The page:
Words To The Wise™ by Marketingsage Staff.

There are many benefits to using email as a promotional vehicle. It is almost free, delivery is almost instantaneous, and response rates are easily tracked. For business-to-business sales, the email delivers the message at a crucial time — When the prospect is at work. Also the message can be easily stored, retrieved and forwarded thereby extending its life.

According to a mid-2002 DoubleClick's Marketing Spending Index Study, email marketing was ranked consistently high by respondents for achieving all marketing objectives, including lead generation (65%), information dissemination (55%), retention (55%), building awareness (55%), generating immediate sales (53%) and up-selling (51%).

Hyperlinks within the email enable the reader to get more information or to jump straight to an order-placement page on the Web. A study by Washingtonpost.com with @Plan and Minnesota Opinion Research found that 77 percent of business decision-makers surveyed thought the Web was the best way to stay current with new products and companies. 60 percent said the Web was the best way for advertisers to reach them, and that they had decreased usage of other media such as newspapers and magazines.

Like a physical letter, an email can be specifically targeted to a named individual. Unlike a physical letter, the email bypasses human filters such as secretaries. The email, however, encounters electronic filters. Also an email can be easily ignored or deleted so you must immediately grab the attention of the recipient and make it worthwhile to read on.

Some elements are more important than others when it comes to influencing a recipient choice to open an e-mail. A 2002 DoubleClick study found that the "From" line is the most important factor, motivating 60% of recipients to open e-mails. Another 35% look to the "Subject" line before opening the email.

Here are the essential techniques for constructing promotional emails:

  1. Respect the privacy of the people on your list. If your list is greater than one person, use a mail merge to automatically send a personal email to each. If you don't have a special email program for mail list management, you can use Microsoft Word's mail merge feature along with Microsoft Outlook (although it is tricky to set up the first time).

    If you don't want to use a mail merge you might want to use the "BCC" line instead of the "To" or "CC" lines for the addresses. The "BCC" line will not reveal your mail list to all the recipients. Be aware that some spam filters look for lots of CCs, especially 8 or more to the same domain name. They also look to see if the From and To address is the same.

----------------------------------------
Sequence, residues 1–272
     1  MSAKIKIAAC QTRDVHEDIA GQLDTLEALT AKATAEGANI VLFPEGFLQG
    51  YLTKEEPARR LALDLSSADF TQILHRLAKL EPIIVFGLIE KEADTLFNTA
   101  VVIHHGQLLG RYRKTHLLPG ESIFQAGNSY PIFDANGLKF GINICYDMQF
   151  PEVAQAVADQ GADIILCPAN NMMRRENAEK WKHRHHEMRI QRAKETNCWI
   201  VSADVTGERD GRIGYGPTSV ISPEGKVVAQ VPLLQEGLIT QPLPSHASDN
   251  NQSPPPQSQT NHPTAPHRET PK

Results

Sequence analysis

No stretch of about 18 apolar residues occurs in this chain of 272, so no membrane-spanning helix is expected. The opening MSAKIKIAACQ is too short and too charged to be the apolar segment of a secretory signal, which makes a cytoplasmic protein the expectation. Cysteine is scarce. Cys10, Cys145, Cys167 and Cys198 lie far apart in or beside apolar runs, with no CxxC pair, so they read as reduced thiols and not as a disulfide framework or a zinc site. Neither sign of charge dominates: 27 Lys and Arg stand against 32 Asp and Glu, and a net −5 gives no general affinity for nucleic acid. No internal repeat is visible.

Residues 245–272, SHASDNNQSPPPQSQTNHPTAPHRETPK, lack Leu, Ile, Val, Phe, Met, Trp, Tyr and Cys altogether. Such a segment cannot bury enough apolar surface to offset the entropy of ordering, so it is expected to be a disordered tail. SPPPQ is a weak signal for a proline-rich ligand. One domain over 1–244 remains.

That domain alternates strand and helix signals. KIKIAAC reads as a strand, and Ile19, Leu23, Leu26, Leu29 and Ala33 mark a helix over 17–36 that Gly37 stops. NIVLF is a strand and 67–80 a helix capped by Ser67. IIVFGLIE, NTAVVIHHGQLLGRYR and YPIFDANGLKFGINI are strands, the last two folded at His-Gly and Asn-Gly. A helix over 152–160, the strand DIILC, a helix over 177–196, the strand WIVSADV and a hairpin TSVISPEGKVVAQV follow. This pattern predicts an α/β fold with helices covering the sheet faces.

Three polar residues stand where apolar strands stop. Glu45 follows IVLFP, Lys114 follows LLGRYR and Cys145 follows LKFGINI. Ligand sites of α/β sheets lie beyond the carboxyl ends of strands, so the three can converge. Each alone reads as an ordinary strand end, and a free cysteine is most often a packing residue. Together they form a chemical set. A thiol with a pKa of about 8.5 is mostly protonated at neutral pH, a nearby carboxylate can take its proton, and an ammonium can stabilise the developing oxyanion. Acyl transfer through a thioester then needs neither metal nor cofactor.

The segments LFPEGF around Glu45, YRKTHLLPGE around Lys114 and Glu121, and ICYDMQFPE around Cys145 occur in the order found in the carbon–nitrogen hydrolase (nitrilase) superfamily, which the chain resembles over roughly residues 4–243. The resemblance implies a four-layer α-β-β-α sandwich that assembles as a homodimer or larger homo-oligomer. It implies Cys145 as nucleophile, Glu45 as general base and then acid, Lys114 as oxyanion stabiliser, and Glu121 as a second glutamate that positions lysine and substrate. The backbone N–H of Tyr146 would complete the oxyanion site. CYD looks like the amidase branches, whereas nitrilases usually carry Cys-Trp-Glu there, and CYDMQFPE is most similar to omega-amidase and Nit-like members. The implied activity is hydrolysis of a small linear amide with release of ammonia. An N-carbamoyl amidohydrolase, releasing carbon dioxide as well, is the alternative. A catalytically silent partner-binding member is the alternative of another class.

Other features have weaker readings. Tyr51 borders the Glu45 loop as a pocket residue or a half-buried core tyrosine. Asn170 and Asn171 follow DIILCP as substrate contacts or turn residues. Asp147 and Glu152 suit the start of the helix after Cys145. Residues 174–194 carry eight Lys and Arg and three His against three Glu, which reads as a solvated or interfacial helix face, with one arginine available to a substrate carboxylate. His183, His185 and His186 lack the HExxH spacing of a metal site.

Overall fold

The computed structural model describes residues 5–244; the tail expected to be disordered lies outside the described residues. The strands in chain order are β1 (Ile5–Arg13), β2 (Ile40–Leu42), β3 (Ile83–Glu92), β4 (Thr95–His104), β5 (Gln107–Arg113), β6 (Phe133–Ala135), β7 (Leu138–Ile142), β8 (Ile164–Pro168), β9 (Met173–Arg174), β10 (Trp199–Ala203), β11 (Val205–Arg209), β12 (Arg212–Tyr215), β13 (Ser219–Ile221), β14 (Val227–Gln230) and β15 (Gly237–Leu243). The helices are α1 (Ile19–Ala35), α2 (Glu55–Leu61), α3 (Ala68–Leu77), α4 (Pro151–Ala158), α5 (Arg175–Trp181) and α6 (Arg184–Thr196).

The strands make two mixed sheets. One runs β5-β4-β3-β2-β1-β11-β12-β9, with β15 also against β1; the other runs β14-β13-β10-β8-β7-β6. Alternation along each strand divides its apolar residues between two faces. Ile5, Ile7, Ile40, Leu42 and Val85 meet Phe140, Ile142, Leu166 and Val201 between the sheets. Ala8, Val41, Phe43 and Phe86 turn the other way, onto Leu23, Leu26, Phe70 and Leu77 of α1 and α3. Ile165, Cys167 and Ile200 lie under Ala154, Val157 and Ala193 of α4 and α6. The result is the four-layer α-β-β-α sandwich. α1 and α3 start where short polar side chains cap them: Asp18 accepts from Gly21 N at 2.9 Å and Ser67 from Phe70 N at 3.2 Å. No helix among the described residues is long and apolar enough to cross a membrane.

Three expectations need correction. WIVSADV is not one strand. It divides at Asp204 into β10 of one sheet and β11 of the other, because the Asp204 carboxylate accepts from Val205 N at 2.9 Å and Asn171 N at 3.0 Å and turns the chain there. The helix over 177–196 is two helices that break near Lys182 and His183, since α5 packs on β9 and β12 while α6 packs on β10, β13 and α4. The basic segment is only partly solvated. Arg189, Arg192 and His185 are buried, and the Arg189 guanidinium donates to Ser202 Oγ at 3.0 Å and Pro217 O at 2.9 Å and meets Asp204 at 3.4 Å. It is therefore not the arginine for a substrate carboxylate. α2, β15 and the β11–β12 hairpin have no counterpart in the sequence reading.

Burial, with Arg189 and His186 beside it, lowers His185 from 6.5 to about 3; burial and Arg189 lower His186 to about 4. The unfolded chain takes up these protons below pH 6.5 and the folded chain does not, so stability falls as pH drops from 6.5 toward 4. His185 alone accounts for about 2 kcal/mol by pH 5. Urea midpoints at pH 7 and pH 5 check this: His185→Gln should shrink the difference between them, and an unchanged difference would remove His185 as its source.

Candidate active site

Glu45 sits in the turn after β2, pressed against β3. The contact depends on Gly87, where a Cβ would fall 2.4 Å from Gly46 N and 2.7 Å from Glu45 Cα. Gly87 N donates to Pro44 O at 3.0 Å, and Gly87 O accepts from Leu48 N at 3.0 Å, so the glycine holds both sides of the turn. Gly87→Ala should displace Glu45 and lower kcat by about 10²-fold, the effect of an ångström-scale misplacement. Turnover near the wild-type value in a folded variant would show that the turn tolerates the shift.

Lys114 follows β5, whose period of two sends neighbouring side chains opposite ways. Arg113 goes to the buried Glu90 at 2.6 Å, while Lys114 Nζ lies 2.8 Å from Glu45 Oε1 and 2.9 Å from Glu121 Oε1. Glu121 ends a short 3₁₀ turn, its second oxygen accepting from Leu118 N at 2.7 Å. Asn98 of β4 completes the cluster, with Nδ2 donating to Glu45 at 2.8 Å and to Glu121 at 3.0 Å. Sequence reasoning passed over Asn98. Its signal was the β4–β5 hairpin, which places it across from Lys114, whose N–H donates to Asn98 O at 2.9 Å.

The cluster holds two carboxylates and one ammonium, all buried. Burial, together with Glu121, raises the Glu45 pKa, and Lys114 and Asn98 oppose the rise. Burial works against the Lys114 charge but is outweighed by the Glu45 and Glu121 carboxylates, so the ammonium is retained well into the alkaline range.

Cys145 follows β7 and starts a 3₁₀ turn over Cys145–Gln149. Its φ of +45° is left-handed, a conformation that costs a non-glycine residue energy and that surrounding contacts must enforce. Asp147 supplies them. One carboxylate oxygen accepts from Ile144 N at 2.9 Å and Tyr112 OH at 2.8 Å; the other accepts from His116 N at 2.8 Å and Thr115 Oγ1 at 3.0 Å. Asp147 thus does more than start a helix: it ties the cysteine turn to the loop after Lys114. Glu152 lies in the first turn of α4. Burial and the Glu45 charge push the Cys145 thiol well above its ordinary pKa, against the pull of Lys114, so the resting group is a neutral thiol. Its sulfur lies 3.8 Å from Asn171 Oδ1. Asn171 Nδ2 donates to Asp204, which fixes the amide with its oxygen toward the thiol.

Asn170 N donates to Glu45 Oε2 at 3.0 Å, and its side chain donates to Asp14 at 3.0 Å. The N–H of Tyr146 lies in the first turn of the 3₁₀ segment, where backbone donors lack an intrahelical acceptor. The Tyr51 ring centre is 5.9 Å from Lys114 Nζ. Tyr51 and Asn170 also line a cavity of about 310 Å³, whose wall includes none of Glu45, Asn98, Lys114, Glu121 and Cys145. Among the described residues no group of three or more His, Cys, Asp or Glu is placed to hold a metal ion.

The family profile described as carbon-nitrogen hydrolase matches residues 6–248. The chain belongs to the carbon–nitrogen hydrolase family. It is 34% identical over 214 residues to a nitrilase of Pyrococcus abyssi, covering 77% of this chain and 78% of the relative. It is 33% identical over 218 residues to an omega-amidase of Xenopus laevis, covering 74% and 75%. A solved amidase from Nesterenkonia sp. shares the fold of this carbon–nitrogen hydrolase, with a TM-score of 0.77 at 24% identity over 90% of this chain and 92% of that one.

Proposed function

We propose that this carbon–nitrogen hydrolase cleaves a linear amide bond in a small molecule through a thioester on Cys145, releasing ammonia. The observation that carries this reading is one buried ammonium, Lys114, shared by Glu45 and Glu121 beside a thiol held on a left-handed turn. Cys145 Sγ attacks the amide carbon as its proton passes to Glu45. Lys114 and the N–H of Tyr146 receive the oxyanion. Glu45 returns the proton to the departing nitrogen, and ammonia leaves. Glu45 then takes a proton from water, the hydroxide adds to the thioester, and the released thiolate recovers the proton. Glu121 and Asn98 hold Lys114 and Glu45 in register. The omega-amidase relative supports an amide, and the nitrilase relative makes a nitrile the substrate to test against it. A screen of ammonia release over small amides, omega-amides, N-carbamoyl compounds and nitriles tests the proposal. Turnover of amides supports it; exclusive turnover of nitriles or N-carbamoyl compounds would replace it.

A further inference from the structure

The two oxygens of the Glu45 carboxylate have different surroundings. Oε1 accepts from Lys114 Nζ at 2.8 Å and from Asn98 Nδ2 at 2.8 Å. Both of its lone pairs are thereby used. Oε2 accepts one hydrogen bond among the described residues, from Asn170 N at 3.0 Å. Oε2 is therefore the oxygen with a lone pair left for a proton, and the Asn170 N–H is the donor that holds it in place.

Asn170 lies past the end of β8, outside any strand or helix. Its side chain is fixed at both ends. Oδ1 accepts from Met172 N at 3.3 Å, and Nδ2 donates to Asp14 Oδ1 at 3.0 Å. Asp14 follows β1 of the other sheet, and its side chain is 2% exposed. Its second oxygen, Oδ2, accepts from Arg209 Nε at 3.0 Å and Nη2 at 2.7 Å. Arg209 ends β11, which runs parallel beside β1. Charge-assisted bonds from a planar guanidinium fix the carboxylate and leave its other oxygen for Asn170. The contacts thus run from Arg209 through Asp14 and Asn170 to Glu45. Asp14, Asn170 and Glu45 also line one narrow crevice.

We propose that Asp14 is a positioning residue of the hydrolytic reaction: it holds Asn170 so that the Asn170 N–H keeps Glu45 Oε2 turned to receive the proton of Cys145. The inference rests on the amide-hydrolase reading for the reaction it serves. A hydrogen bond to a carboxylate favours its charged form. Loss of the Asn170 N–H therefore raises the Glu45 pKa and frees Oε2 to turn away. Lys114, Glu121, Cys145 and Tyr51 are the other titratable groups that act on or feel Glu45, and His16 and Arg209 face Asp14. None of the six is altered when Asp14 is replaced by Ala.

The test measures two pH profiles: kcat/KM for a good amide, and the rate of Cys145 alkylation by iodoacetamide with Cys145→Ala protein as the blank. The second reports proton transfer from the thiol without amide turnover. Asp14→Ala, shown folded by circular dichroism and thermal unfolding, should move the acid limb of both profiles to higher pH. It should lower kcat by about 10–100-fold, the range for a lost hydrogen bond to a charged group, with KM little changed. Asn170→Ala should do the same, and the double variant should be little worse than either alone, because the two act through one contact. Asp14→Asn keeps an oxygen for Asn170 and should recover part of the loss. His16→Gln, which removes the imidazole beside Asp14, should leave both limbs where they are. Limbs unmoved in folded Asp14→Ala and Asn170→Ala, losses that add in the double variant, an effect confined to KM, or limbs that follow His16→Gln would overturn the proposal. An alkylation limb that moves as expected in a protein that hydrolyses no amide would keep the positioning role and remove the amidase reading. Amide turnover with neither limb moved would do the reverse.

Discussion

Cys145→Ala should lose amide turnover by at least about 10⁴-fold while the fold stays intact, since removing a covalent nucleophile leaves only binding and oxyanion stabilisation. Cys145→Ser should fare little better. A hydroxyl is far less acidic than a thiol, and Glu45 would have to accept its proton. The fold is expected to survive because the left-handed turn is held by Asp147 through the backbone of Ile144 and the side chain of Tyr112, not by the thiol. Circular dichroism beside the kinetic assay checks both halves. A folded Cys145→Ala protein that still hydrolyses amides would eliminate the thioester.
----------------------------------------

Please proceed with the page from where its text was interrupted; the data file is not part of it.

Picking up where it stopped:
2. According to DoubleClick 63% of respondents cite the "From" line as the most important factor motivating them to open emails (up from 60% in 2002). The "From" line should include both your brand and name. Email from named individuals are more likely to be read than emails from "Info@…". Also spam filters look for emails from addresses with all numbers or numbers in front or back of the sender's address.
     
  3. 35% of respondents to a DoubleClick study cite the "Subject" line as the most important factor motivating them to open emails. The "Subject" line is your first and most critical headline. Make the Subject line appealing by asking a question, stating a benefit, sparking curiosity, etc. Don't use misleading subject lines.

    Short email subject lines of 49 or fewer characters have a 12.5% higher open rate and 75% higher click-through rate according to a Return Path analysis.

  4. Next to the Subject line, the opening paragraph is critically important to keeping the readers attention. Tell them what's in it for them by reading on. Offer the biggest promise or most self-serving benefit to the reader.

    The subject of the email content also matters: A 2003 IMN study shows that once recipients open their e-mails, they actively seek out product-oriented content. Articles containing information on companies’ products receive 29% of readers’ “unique clicks-throughs”—followed by company news (18%), industry news (14%), “tips and tricks” (11%) and other topics.

    The same IMN study showed that on average, active e-newsletter subscribers read 64% of the content in each issue.

  5. Focus on what benefits the reader will get by taking the desired action. If you state a feature, also state the benefit.
     
  6. Include a clear call-to-action.
     
  7. Create a sense of urgency (e.g. "Act now to receive," "Today only"). This should be in the call-to-action but can also be included in the headline, body copy and/or P. S. statement.
     
  8. Include links to appropriate pages of your web site. Preferably link to pages that allow you to count the visitors and gauge the response rate for that email. HTML emails allow you to track opens and click-through. Use the full "http://www" address.
     
  9. Use your email "signature" to include valuable information like your contact details (e.g. phone number, email address and postal address). You might also include the company tag-line here (e.g. "Quality printing since 1975") and web address.
     
  10. Include an opt-out or unsubscribe capability if you are sending a series of emails as you would with a newsletter subscription. If it is a newsletter, say so in the subject line and also use a date.
     
  11. Avoid attachments. Many email systems restrict the size of emails and many people fear viruses. Also think of the recipient who may be checking email from a remote dial-up using a slow modem and high cost-per-minute service (more likely in developing countries, not the USA). A link to your web site is better than an attachment if you have more to say.